For the first six years of my life, my Indian grandmother force-fed me a home remedy of steamed milk with turmeric at the first sign of an upper respiratory infection. More often than not, my symptoms would resolve with her decoction of haldi doodh. In refractory cases, she’d shuttle me into the hands of a pediatrician for medication. I should mention that my grandmother was a physician legitimately trained in the Allopathic tradition (that’s the tradition that gave us Penicillin, Prozac, and Viagra).
As an adult, I continued the family tradition of force-feeding that decoction, this time to my under-the-weather colleagues during our medical training. My overworked and sleep-deprived colleagues and I fell ill pretty regularly.
Contrary to what you may believe, there’s nothing glamorous about becoming a doctor. No McDreamy or Dr. Ross to bat your eyelashes at, and most definitely no sex in the call room.
When my colleagues felt a cold coming on, they begrudgingly slurped up the Indian yellow milk. More often than not, that nasty cold stopped dead in its tracks. Indian yellow milk’s street cred was official: It worked! Trying to make modern sense of this ancient medical marvel, I did a little digging in the medical literature on turmeric’s benefits and discovered that it contained curcumin, a potent anti-inflammatory compound. So now we had a scientific explanation for feeling better.
One colleague moved to the Midwest (Indiana to be specific) to finish her training. She sent me a note saying she used Indian yellow milk as an integral part of her proverbial doctor’s bag of tricks. This Indian(a) story was just one example of unconventional medicine making its way into the heart of the American psyche. We had gotten a whiff of something brewing on the horizon: an intercultural stew of hearty medical goodness. We identified with this new brand of doctoring, and tongue-in-cheek, called ourselves equal-opportunity physicians.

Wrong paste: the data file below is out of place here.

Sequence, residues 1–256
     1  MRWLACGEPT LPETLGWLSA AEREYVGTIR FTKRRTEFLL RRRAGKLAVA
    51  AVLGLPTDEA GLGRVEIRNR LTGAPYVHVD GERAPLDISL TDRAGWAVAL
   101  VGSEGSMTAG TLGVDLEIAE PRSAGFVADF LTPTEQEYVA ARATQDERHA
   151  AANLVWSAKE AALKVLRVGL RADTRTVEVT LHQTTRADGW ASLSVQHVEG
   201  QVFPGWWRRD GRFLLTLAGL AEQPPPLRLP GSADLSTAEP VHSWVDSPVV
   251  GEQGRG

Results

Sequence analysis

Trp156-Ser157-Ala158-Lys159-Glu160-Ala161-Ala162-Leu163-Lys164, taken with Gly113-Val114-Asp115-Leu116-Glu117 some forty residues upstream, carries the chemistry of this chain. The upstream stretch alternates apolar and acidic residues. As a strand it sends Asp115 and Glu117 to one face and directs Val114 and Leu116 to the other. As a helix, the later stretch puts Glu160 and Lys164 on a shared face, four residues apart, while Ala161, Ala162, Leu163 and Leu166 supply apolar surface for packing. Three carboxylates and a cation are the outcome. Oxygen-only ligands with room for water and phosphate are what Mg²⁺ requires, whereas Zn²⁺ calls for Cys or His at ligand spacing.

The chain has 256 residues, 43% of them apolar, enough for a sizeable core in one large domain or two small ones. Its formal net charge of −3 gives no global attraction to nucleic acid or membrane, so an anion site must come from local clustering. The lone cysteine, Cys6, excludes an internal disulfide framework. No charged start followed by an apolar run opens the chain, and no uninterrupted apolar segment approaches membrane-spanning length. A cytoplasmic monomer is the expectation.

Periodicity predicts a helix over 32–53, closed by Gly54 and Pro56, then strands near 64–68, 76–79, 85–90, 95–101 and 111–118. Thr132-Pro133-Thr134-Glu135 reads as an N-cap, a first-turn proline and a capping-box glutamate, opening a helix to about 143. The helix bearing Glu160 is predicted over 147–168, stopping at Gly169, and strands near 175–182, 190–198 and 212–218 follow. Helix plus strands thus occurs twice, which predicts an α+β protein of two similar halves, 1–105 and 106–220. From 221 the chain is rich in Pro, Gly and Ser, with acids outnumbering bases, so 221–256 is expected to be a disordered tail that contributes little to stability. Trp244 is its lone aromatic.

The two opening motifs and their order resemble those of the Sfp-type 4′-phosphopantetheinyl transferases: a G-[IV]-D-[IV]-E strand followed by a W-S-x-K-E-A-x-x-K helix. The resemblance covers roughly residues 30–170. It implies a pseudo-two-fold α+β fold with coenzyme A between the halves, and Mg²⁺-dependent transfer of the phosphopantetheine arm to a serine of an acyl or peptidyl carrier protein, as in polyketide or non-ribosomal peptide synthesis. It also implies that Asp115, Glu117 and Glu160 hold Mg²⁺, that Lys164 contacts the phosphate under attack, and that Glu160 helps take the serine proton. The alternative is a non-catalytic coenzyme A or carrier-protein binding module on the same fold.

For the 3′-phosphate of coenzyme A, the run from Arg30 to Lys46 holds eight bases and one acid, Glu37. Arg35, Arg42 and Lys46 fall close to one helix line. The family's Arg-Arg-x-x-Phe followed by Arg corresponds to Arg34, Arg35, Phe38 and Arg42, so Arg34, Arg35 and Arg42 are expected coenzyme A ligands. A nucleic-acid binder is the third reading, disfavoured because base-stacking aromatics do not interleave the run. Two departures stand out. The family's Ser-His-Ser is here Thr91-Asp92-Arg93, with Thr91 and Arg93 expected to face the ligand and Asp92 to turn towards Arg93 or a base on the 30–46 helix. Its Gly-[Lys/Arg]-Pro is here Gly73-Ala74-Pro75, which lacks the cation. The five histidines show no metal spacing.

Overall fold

With starched white coats, cutting-edge immunomodulators and high-tech hospital gadgets, it’s easy to believe that this is always how we Americans have done things. The field of medicine as we know it began with the teachings of Hippocrates, who is credited with being “the father of modern medicine.” But many Eastern medical traditions, such as acupuncture and ayurveda, were the well-established norm long before Hippocrates was in diapers, or for that matter, long before Hippocrates’ parents were in diapers. But Hippocrates promoted his schtick and over time, physicians traded in their practice of analyzing their patients’ chakras and chi for analyzing their patients’ blood tests and DNA.
This system has served us very well. For acute life-threatening conditions, our Western ways can’t be beat.
If I’ve got sepsis, I want IV fluids, vasopressors, and antibiotics … not reiki. But for chronic, persistent problems such as low back pain or osteoarthritis, I’d prefer to turn to the East, rather than use an anti-inflammatory drug that could tear up my stomach lining into lil’ shards of nothin’. We’re living in an era of a global consciousness. Foods have blended into new dishes (wasabi pizza anyone?). Clothing has fused into street couture (Tory Burch chappals?!). Why shouldn’t medicine join in on the multicultural fun?
With each new yoga studio and holistic spa sprouting up in your neighborhood, it may seem like we have only recently embraced complementary and alternative medicine (CAM). But this trend has been steadily gaining steam for quite some time. Back in 1990, a group of Harvard researchers did a study that jolted the sleeping giant of Western medicine from its long and deep slumber. These researchers found that Americans made more visits to providers of “unconventional therapies” than to their primary care physicians, and almost 75 percent of these expenses were paid out of pocket. Fast forward to 1997, and a similar group of Harvard researchers showed an almost 50 percent increase in the total visits to alternative medical practitioners from 1990, most of which were due to a greater proportion of people climbing on board the holistic train, rather than more visits per patient. These numbers continued to grow and by 2002, 72 million Americans had used CAM in that year alone.
Now, like its counterparts in other areas of medicine, CAM can be clinically studied using the same rigorous scientific methods as the newest hypertension medication. This is a huge step for something that just 20 years ago was seen as Eastern mysticism and quackery.
As unconventional medicine makes its way into the fabric of American medicine, the terminology is following suit. The term CAM is slowly losing favor amongst the medical community. The buzzword du jour is integrative medicine. While CAM implies a distinct departure from established medical practice, integrative medicine encourages us to integrate unconventional therapies with established medical protocol. The new term befits the kinder, gentler, and more inclusive paradigm that the American medical community is attempting to foster. Through our slow yet steady paradigm shift, we’re learning that the path to health isn’t just found at the doctor’s office. It’s available to you on the acupuncture table, in nature, on the yoga mat, at your farmer’s market, or on your spice rack. The choice to live well is finally yours.
Aditi Nerurkar is an integrative medicine physician at Harvard and still drinks Indian yellow milk.